HomeSoftwareNetflix, Amazon Prime Video are getting sued over obscene content in India

Netflix, Amazon Prime Video are getting sued over obscene content in India


Streaming platforms like Netflix, Hotstar and Amazon Prime Video are becoming very popular in India as more and more folks are going online. If one particular NGO has its way though, these companies will have to bow down to censorship and remove explicit content.

Justice for Rights, the NGO spearheading the petition, wants a law or guidelines to oversee videos from the likes of Amazon Prime Video and Netflix. They say the platforms present viewers with vulgar, sexually explicit, virulent, profane, morally unethical, and religiously forbidden content, all in the name of attracting more subscribers and generating profit.

Netflix, Amazon Prime Video Censorship

The NGO thinks most of the titles which are streaming are in violation of the Indian Penal Code and the Information Technology Act, singling out Spartacus, Sacred Games, Vikings, and Game of Thrones. As per Hindustan Times, the Delhi High Court has now asked for the Center’s response to the plea. It’s also put the matter up for further hearing on 8 February 2019.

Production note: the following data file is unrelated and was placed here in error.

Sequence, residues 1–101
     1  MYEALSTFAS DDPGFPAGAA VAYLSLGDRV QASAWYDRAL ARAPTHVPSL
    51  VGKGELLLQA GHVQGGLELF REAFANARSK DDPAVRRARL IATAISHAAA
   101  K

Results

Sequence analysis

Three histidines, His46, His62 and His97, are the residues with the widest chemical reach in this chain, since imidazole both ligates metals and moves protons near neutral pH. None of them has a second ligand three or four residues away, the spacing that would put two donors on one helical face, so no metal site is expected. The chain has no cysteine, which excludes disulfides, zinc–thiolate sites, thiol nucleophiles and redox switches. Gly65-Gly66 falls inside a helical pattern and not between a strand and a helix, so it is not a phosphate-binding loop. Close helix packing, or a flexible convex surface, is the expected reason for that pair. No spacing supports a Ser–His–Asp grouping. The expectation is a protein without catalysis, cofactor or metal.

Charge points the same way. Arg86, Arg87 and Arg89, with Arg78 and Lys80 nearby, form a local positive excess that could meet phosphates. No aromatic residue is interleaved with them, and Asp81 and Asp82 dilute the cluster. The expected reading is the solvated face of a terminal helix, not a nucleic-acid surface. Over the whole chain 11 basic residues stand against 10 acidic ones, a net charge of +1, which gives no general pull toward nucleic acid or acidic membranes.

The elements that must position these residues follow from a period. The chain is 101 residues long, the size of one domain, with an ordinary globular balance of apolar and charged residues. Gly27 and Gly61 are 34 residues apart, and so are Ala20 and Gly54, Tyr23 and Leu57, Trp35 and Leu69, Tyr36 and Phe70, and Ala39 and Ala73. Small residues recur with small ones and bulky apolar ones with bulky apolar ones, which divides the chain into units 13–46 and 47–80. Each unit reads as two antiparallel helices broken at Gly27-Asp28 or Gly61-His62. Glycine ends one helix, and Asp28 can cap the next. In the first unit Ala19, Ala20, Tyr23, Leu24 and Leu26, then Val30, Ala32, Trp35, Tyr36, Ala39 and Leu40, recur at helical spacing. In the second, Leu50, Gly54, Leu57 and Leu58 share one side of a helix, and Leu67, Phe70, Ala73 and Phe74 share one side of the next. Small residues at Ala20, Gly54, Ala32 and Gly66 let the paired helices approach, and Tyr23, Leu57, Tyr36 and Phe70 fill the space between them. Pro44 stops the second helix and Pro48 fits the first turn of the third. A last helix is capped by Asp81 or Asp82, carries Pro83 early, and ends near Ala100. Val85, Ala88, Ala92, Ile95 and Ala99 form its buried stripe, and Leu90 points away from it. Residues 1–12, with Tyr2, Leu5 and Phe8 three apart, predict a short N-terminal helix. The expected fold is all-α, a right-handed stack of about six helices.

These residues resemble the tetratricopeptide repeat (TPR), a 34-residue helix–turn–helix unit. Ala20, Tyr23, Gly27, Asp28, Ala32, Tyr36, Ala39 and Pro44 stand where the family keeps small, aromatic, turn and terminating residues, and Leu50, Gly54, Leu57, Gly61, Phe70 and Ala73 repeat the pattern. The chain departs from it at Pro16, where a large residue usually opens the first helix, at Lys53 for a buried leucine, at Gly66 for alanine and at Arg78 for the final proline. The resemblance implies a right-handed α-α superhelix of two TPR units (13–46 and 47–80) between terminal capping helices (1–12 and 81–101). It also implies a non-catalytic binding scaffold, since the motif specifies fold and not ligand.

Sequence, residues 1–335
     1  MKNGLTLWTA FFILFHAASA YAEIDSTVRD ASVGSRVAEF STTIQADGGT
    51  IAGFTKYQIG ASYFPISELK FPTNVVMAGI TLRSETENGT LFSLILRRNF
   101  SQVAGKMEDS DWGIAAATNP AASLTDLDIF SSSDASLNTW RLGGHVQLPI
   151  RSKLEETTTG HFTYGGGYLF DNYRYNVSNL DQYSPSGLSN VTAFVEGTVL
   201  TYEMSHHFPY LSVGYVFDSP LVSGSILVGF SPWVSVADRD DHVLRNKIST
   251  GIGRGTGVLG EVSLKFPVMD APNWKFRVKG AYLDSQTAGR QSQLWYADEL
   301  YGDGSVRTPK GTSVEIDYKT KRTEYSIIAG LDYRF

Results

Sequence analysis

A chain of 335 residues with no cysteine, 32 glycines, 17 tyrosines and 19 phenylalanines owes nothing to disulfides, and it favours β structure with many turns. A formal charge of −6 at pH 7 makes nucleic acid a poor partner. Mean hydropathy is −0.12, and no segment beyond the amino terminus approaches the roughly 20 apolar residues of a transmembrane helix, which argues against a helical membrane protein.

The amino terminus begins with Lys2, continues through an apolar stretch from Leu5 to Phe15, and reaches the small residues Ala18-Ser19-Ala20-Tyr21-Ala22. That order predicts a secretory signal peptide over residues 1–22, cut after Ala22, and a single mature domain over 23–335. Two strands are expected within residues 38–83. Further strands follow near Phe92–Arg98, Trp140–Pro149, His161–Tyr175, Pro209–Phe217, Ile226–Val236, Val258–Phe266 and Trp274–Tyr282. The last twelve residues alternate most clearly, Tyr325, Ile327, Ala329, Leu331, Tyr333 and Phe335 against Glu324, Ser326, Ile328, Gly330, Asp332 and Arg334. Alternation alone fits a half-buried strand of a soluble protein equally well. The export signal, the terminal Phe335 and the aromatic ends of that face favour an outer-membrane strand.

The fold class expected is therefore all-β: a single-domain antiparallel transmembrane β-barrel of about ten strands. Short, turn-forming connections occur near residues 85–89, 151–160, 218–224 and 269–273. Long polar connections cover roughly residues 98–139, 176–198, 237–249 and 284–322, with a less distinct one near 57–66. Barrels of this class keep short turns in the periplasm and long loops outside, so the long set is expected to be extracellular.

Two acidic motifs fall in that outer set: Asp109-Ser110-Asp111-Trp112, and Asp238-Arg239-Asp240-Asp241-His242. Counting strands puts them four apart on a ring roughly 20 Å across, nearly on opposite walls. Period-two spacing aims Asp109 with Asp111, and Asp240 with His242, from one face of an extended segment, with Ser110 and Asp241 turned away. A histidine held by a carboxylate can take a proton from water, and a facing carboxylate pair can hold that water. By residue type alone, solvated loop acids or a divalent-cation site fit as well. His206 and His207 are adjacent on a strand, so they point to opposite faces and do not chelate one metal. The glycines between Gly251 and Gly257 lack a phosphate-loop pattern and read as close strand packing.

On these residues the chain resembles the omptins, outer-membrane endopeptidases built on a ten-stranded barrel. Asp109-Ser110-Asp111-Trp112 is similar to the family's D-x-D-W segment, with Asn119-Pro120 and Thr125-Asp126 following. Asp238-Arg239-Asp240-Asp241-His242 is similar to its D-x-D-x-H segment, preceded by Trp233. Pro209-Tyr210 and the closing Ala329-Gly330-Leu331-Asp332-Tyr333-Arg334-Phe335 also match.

That’s a few months away, plenty of time for Netflix and Amazon to come up with defenses. Unlike traditional TV, online streaming sites aren’t governed by the strict censorship laws enforced by the law in India. A lot of titles come from places like the US where the rules are more relaxed when it comes to content.

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It would be a shame if Netflix and Amazon Prime Video were forced to censor their videos to continue doing business in India. People should have the right to watch movies and TV shows as they were originally presented in their country of origin instead of a distorted version cut up by a censor board.

Moreover, Netflix and Amazon Prime Video already have parental controls to restrict content for children. Parents and squeamish adults can just set their desired maturity level (Little Kids/Older Kids/Teens/All Maturity) for a particular profile. This seems like a simpler solution than just outright banning explicit content.